GAVIN TURK RIGHT HAND AND FOREARM 1992
Gavin Turk (1967 – )
- 86 X 67.7 CM
- Accession number
Gavin Turk’s work also addresses the status of the art object, its almost religious veneration, and the heroic status of the artist. Through his use of the accepted codes of his discipline, signature and attribution, he questions the notions of authorship and authenticity. Controversy surrounded his degree show at the Royal College of Art, which consisted of an exhibiting space devoid of objects aside from a blue commemorative wall plaque which read: Borough of Kensington, GAVIN TURK, Sculptor, worked here 1989-1991. This was in the established manner of English Heritage signs on buildings around London marking the former homes of truly famous personages. Turk had not only impudently anticipated celebrity, but had replaced the artworks which might have won him fame with one of the mechanisms for its posthumous recognition. In the image in this selection, we are invited to examine the artist's seemingly pickled right hand and forearm, perhaps in the hope of analysing the nature of the genius which resides within. It looks like dead meat, but closer examination reveals that the artist is still attached and very much alive, in the business of perpetuating the legend of his talents.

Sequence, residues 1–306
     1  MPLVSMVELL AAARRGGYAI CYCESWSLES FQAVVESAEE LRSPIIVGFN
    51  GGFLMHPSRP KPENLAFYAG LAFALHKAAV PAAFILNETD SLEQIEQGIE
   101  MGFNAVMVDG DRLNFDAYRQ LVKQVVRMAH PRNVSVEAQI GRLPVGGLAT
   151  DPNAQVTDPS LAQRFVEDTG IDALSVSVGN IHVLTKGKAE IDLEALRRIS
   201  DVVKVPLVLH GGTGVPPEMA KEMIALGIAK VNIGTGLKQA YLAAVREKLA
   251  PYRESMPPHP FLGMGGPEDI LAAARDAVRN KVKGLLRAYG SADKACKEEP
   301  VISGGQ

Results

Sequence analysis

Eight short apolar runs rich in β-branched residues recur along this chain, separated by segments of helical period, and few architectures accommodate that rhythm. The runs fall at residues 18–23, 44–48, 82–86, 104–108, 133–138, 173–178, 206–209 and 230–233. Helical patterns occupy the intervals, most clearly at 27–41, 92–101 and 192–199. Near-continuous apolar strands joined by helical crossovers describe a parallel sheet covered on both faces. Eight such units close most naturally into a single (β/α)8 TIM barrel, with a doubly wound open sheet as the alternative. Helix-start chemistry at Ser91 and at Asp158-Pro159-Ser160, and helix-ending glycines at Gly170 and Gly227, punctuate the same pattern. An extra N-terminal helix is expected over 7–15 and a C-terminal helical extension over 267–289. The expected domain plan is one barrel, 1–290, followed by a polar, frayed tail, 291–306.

This work comes from the Londonportfolio, one of the most significant British print publications of the 1990s. .
Contemporary British Arts in Print, Scottish National Gallery of Modern Art and The Paragon Press, 1995 (texts by Jeremy Lewison, Patrick Elliott and Duncan Macmillan)